You actually do if they want to run as a sport rather than just for play. For Track there are advantages to running properly and using your arms for momentum. For Relay, learning the steps to a successful baton handover and take off from a starting line can get them a step ahead. These skills are taught and practiced and those that are good may actually finish faster than someone who is just speedy.
Distance running is no different. There are skills that kids don’t instinctively know. Kids know how to run and run fast but generally they run with short goals in mind like catching the other guy! To run a 1km, 5km or even longer distance, kids need to learn a few skills to avoid injury and cross that finish line with a smile.
Teaching Kids How To Run
The Right Age
How old should you be when you learn distance running? There are many events open for 3-5 year olds like SunRype Tri KiDS triathlons across Canada that have fun swims, short runs and training wheel bike courses, but when kids are 5 or 6, they may be ready for a 1km run. Once they venture past the 1km fun runs, its time to teach them a few running skills. I have 3 busy active kids and by age 8 all had done a few 5km runs and the ‘runner’ of my 3 girls, who is now 10 years old, says this summer she wants to run a 10km.
The Right Stuff
Kids need proper running shoes and socks for running to avoid shin splints, blisters and even knee or joint problems later on that can be caused by insufficient foot wear. It is worth a visit to a running store to get moisture wicking, anti rubbing socks to avoid blisters and even a quick check of their gait to determine the best running shoes for their growing feet.
Have light layers for tops when running in warm temperatures and light jackets that can be tied around the waist for colder runs. You may find yourself walking home and it can get chilly if you’ve been sweating and then you stop running.
Be The Pace Bunny
Most races have pace bunnies for good reason. An even pace wins the race! Kids have no idea how to pace themselves. It is full on or off. Teaching pace is very valuable being able to enjoy a distance run. A watch or app (my fav is Runkeeper) that measures distance and speed is handy and striving for a 7 minute km or more is average for kids.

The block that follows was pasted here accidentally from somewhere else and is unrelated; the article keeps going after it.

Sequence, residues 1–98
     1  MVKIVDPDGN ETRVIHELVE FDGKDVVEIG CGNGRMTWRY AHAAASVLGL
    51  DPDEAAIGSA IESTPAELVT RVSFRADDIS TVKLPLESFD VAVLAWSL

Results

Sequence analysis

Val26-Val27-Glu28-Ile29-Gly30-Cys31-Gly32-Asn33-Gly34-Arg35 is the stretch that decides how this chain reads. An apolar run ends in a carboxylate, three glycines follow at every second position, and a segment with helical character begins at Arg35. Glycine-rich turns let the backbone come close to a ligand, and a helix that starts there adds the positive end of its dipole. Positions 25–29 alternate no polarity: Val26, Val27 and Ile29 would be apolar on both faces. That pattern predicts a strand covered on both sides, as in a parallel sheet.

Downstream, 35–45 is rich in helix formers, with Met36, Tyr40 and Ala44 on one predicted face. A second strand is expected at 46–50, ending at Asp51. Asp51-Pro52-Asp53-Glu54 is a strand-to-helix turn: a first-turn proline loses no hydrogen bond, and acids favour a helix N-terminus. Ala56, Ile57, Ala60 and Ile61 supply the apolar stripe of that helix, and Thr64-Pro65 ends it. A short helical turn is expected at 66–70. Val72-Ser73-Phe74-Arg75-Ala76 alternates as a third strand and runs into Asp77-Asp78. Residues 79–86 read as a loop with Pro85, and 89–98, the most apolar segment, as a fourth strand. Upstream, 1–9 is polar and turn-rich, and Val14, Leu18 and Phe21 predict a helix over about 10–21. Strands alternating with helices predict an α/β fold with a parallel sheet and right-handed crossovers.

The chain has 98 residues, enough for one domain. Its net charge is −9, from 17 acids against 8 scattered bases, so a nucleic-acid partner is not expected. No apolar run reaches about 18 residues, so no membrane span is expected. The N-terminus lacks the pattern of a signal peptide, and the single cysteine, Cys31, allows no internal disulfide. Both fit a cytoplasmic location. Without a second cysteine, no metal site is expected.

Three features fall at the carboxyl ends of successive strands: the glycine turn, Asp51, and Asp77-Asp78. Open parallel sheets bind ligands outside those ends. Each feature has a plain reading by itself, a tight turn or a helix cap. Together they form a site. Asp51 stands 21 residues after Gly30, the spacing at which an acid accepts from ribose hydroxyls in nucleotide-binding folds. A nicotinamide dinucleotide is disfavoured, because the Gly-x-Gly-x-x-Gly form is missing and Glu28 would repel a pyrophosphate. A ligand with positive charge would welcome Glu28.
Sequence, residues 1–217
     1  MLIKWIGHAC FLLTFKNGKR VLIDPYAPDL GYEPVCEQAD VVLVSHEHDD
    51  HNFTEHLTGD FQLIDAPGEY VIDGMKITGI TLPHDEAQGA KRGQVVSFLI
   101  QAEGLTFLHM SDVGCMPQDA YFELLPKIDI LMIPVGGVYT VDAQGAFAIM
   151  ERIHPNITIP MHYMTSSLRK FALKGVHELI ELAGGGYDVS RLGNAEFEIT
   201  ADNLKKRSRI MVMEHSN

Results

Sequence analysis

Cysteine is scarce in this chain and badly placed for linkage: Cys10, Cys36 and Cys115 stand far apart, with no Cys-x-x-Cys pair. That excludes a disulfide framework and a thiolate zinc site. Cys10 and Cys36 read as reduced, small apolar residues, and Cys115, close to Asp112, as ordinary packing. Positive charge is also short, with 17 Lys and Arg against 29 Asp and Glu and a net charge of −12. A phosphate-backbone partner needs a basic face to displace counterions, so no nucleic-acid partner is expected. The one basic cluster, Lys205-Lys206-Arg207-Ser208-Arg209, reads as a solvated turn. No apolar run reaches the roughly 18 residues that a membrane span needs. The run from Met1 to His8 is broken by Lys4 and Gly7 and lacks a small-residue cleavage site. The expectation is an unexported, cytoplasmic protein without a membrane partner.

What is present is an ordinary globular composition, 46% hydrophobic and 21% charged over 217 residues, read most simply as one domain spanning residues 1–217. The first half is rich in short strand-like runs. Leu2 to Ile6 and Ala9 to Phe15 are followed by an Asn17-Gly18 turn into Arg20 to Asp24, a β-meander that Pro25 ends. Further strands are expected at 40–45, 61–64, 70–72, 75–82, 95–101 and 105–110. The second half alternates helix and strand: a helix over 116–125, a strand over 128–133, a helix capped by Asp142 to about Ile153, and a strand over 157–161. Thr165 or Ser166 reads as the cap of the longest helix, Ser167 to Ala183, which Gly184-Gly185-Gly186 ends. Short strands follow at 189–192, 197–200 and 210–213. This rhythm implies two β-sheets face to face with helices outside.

Start slow and watch how your child is reacting, if they are short of breath, have a stitch in their side or complaining of leg pain, take a walking break for 1-2 minutes and then run again. As you run more often, you can increase the speed, but only if the kids are able to run and still enjoy it! Going too far and too fast is one way to turn kids off the sport!
Always pack water, even if its not hot or you are not going very far. Water is valuable when you are active for more than just quenching your thirst.
Pick a route for the kids that will be fun – run to the park, to their friends house, to the ice cream shop or in some nearby trails. Try to avoid busy streets or distractions that will have you starting and stopping. For my kids that run 5km races in the summer we go for 30 minute run/walks starting in the Spring – I focus on time run and not distance. Our goal is to keep moving for 30 minutes. We run/walk 15 mins away from home and then turn around and run/walk back. Always running the first 1-2km and then depending on their energy levels, we run until they need a walking break. Walk for 1-2 minutes and then run again.
Each run will be different. Some days you feel great, other days you don’t – same holds true for kids. Not everyday is a great running day for them. As we get closer to race dates, those 30 minute run/walks get closer to the 5km mark so I know they will be ready.
As with anything, you need to get the kids out a couple times a week over a few months to be ready for 3-5km race.
Race Day Let ’em Go
You will be surprised what the power of a crowd can do to kids! My kids first 5km race they were 8 &10 years old and had never run more than 3km without stopping to walk. At the race they ran right past the 3km sign, stopped to take a photo at the 4km sign and then sprinted to the 5km finished line and BEAT me across! Not even kidding.
I have 3 runners now – my middle daughter could run 5km in 27 minutes when she was 8, my oldest daughter is consistent at 32 minutes and my youngest did her first 5km last year in 35 minutes.
As for me? I start training for my half marathons in February and then have to add in speed training so I can keep up with my fastest kid!